Resident Evil (2002)

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I’m not a video game nerd. The last legitimate gaming system I got excited about was the Nintendo 64. The only one I’ve bought since was a used Wii and that beaten-up relic served exclusively as an emulator for NES games. As such, I’ve never had much interest in the Resident Evil film franchise. My limited knowledge of the series, based entirely on vague hearsay about its video game source material, has been that it’s about a lady who shoots zombies in some kind of underground bunker. While I’m not over the moon about video games as an entertainment medium, I do actively seek out eccentrically inane movies, but there was just never anything about yet another zombie action horror starring a sexy lady with a pile of guns that had much promise for Super Mario Bros. levels of potential silliness in a cinematic video game adaptation. There are now five Resident Evil movies in what has become a decade-long franchise, however, which lead me to suspect that there was more going on here than just a walking dead genre pic with little to no distinguishing features in a crowded field of zombie media. It’s true, too. Resident Evil is more than just a zombie-filled shoot-em-up featuring a beautiful woman with a giant gun. In fact, it actually kinda holds its own as one of the sillier & more entertaining video game adaptations out there, much to my surprise.

While I wasn’t exactly wrong in assuming Resident Evil centered on a widespread epidemic of generic zombie mayhem, I did the movie a huge disservice by reducing its setting to a mere underground bunker. The symbolically named Umbrella Corporation (a detail I assume was carried over from the video game), which periodically deals with very normal corporate modes of money making & privately makes most of its profit off of biochemical weaponry, is the owner of said underground bunker, known as The Hive. The bunker’s underground employees, blissfully unaware of the company’s warmongering, are transformed into the aforementioned zombie horde when one of the more volatile chemicals they work on is released through the bunker’s vents (supposedly) by mistake. As the infected, undead Umbrella Corporation employees transform into monsters, they also become moving targets for a team of leather-clad supersoldiers & a Borne Identity/American Ultra type badass who can’t remember her past but seems to know more about the facility than she should. As her memory slowly returns, our hero must piece together whether or not she’s responsible for the initial outbreak or if there’s some kind of other, larger betrayal unfolding before her. Meanwhile, The Umbrella Corporation’s surveillance cameras seem to be recording these supersoldiers’ every move as they become unwitting participants in a zombie-killing, viral experiment. Also, some strange, not at all human creatures & a childlike AI hologram pop in to push the movie past its zombie-stomping roots into some strange sci-fi horror territory. Its all a lot more fun & complex than I expected, however corny & hamfisted.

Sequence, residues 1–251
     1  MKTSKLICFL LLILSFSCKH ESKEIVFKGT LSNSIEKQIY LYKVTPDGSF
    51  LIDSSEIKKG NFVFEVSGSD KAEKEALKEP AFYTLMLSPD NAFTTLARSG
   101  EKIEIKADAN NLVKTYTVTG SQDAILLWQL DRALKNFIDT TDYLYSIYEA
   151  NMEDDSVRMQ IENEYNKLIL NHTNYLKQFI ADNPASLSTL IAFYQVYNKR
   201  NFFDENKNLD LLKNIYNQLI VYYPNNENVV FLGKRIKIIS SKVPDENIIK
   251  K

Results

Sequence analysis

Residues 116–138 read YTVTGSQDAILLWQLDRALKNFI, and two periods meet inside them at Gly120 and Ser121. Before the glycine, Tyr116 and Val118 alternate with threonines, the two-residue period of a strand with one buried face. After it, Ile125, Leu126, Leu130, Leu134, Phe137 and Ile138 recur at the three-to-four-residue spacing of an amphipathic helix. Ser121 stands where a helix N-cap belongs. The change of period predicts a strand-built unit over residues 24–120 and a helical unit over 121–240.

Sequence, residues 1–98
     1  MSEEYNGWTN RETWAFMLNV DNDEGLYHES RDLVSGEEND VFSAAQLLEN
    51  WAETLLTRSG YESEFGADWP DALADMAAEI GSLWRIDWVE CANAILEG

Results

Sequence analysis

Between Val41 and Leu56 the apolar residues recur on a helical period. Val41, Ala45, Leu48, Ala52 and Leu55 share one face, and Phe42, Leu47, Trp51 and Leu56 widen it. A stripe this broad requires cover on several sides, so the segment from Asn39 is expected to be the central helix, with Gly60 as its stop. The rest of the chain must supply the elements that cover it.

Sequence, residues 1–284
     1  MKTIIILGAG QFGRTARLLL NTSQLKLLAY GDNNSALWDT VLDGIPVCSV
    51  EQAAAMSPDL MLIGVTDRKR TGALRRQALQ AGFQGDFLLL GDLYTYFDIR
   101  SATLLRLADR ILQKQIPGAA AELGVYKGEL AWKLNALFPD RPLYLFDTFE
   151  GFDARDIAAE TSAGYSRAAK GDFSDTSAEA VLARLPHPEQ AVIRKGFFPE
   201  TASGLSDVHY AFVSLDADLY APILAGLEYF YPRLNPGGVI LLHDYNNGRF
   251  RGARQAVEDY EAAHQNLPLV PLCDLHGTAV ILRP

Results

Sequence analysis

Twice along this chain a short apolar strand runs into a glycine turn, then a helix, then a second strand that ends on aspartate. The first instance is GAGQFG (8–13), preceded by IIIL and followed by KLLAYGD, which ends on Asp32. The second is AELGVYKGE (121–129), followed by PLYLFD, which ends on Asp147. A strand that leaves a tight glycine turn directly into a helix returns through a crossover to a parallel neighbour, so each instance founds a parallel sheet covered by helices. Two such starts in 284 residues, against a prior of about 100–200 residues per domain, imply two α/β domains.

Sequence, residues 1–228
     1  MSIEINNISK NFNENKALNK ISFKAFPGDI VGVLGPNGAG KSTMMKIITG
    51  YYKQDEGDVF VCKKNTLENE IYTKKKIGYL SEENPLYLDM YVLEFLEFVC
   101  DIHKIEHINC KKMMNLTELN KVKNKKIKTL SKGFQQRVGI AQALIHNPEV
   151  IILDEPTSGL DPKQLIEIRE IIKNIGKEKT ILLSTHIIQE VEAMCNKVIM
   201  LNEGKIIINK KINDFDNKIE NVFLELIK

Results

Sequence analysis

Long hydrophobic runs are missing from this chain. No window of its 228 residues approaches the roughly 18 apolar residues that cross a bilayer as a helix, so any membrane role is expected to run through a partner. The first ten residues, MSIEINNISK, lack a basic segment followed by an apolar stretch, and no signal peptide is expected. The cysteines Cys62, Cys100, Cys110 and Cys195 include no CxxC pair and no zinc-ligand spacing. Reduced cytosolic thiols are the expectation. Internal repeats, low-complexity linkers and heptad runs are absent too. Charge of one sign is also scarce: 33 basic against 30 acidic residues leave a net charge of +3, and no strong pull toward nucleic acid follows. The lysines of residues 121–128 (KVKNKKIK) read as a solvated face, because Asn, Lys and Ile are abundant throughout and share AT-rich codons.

Resident Evil comes from a time when video game adaptations were attempting to move on from children’s movie fare like 90s productions Street Fighter & Double Dragon into something more violent & “adult,” like Doom. Director Paul W.S. Anderson splits the difference & lands the film halfway between PG-13 & R (not that the MPAA saw it that way) in terms of sensibility. There’s a violence & grittiness in the film’s nonstop parade of zombies on fire, exposed muscle Rottweiler demons, undefinable The Thing-type mutants, and flashbacks to a blurred sexual encounter the film appears to find very important to the plot, but something about the way they’re handled makes it play like kids’ stuff, just like Anderson’s surprising violent (and even more surprisingly competent) Mortal Kombat adaptation. This is a teenager’s sweet spot in terms of maturity level, a tone easily recognizable in the film’s choice to dress its star, Milla Jovovich, in a post-apocalyptic negligee for most of its runtime & two sheets of paper-thin hospital gauze at its climax. Jovovich’s ass kicking commitment to the role, combined with similar sincerity from Fast & Furious “family member” Michell Rodriguez, cuts down on some of that teenage boy booby-ogling, though, to the point that it mixes with the intense body horror, George Romero brand zombie mayhem, and stray notes of otherworldly sci-fi (an aesthetic Anderson accomplished a lot more with in his film Event Horizon) to make for a fairly decent, amusingly campy action cheapie I would’ve loved had I seen it when it was haunting theaters & I was 15. I appreciate Resident Evil‘s teen nerd immaturity & casual adoption of weird video game ideas in its matter-of-fact silliness. At the very least, its a far better adaptation than the Rock vehicle Doom, which aims for a similar aesthetic, and it got me curious enough about where the series could go from such a ludicrous starting point that I just might check out Anderson’s five gratuitous followups now that I’ve finally been initiated.

-Brandon Ledet

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7 thoughts on “Resident Evil (2002)

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